This engine package was developed by JGR’s testing staff
with the help of a dyno. This bike hauls the mail.
To adjust the height of the typical subframe it would need to
be cut. JGR sells a subframe that offers 10mm of adjustment.
JGR’s adjustable shock linkage lowers the rear of the bike
and stiffens the initial part of the stroke.
provide a performance advantage—were left off. Instead,
a true-to-life race-centric YZ250F was the objective, and
JGR hit its target. Below are the primary areas of focus
that led to a masterful machine capable of winning the
most prestigious Amateur race this side of Nanyang.
ENGINE: JGR developed its YZ250F engine package
via the efforts of its testing staff and a dynamometer to
determine the best profile. The goal was to maintain the
same engine characteristics of the stock YZ250F (
excellent bottom-end hit and strong overall power) and to
avoid compromising any of the bike’s best traits.
JGR installed its own cams and piston. They also
ported the cylinder head using in-house specifications.
They rim-finished the crank and transmission for greater
durability and less friction.
Rim finishing is a chemical process involving a treatment that makes the carbides in the metal stand up. If
you looked through a microscope at the material, the
carbides would look like a field of grass. Once treated,
the metal part is placed in a media and vibrated until
the carbides are knocked down. The result is a hard
outer layer that has a polished sheen. Rim finishing is
advantageous on engine internals, where decreasing drag
is pivotal to improving performance. JGR also uses rim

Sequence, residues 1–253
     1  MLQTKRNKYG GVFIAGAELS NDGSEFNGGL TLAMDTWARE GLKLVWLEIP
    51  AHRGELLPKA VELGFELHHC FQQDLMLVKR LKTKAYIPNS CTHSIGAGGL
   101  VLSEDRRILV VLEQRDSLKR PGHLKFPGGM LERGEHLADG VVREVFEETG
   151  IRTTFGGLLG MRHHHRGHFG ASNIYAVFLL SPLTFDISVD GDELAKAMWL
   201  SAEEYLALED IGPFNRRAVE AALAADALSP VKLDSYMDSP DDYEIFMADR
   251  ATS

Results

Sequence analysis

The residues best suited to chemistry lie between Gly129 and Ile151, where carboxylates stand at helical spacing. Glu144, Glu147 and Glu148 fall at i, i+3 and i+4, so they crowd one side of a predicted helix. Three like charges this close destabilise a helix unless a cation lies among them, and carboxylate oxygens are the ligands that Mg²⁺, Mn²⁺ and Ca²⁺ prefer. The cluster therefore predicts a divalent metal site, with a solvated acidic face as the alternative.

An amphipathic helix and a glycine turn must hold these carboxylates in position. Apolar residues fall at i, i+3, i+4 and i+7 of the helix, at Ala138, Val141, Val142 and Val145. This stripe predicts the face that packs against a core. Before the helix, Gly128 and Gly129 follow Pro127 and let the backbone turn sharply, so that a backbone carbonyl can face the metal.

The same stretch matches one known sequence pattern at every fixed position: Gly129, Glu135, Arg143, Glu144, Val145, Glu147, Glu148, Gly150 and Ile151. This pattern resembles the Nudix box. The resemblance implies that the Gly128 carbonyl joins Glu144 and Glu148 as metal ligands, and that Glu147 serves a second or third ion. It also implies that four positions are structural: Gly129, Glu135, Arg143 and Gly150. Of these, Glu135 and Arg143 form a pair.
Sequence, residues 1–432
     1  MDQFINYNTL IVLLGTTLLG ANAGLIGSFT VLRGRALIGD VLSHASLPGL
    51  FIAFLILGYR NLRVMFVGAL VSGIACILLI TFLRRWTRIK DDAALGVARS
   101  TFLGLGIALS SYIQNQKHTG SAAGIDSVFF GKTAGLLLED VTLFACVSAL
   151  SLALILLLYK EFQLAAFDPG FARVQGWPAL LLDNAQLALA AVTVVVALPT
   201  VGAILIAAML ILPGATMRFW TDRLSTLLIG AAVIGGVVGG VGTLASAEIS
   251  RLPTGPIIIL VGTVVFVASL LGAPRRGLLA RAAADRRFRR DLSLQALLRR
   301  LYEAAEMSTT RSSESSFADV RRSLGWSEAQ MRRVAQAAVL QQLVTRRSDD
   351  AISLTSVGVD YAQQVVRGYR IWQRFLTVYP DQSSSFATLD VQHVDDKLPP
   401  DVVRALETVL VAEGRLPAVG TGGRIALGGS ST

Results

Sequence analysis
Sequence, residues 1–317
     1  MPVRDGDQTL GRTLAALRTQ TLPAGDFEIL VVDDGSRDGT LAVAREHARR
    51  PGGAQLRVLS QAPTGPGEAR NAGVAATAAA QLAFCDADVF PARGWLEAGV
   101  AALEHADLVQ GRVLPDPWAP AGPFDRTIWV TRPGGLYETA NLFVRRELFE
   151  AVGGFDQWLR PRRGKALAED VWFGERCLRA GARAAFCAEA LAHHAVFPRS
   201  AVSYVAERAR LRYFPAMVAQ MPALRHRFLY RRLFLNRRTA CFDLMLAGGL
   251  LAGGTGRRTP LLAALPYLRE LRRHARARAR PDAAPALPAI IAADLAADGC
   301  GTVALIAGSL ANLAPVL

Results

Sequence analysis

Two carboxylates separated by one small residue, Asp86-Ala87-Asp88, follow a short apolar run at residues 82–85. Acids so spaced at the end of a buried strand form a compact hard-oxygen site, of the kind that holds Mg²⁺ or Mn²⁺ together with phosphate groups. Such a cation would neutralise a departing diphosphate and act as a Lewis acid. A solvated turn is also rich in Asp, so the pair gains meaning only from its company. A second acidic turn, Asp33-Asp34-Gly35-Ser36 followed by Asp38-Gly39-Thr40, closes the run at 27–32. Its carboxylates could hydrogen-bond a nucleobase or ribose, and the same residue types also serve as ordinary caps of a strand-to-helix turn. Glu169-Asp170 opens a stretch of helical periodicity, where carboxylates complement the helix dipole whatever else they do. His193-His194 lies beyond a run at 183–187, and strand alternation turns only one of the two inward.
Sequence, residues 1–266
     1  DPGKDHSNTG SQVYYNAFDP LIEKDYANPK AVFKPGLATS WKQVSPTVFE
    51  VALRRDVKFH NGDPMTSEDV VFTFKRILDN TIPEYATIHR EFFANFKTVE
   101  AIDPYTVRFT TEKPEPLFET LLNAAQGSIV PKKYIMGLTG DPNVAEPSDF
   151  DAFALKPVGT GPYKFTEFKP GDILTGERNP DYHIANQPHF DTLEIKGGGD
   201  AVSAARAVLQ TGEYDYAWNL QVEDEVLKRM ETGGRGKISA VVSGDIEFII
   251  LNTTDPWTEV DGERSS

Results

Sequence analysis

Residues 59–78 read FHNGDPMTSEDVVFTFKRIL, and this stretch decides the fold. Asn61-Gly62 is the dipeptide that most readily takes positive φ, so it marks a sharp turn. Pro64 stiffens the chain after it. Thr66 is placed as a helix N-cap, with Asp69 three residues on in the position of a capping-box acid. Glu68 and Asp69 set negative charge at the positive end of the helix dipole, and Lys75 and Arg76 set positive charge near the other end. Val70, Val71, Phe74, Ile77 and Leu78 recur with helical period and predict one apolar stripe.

finishing on fork springs in order to lessen friction and oil
HOW MUCH DOES THE JGR-TUNED
YZ250F ENGINE COST? THE TOTAL
BILL WAS IN THE NEIGHBORHOOD
OF $6500. THAT PRICE IS PROBABLY
TOO STEEP FOR THE WEEKEND
WARRIOR, BUT IT’S THE COST OF
DOING BUSINESS IN THE HIGHLY
COMPETITIVE AMATEUR RANKS.
GYTR, Yamaha’s in-house aftermarket company,
provides components for the JGR race bikes, so it was
natural that JGR would utilize GYTR clutch components.
In fact, most of the parts on the JGR YZ250F came
from companies that sponsor JGR’s professional race
effort. Those companies include FMF Racing (Factory 4.1
exhaust system), Carrillo (rod) and Xceldyne (titanium
valves, valve springs, titanium keepers and locks). The
only difference was the Vortex ignition (the team is
sponsored by GET). In our opinion the Vortex is less
confusing to dial in than the GET black box, so we were
happy to see the Vortex on the JGR YZ250F.
How much does the JGR-tuned YZ250F engine cost?
With the Vortex ignition, FMF exhaust, complete clutch,
engine parts, labor and modifications, the total bill was
in the neighborhood of $6500. That price is probably too
steep for the weekend warrior, but it’s the cost of doing
business in the highly competitive Amateur ranks. JGR
claimed a 5-horsepower increase over the stock YZ250F
powerplant throughout the range, and we’d have to
agree. Off-idle, the Yamaha sparked to life in a similar
manner to the stock profile, and the rpm quickly climbed
into the midrange. We could pull the 13/49 gearing,
although adding a tooth to the rear sprocket would have
helped. The JGR YZ250F engine wasn’t as impressive as
the engines found on top-tier professional 250 race team
bikes, but it never claimed to be. For $6500 you’ll have
the satisfaction of knowing that you have the fastest
YZ250F on the track—unless Jeremy Martin or Cooper
Webb crashes the party.
SUSPENSION: What do you get when handing over
$3500 and your Yamaha YZ250F suspension to JGR?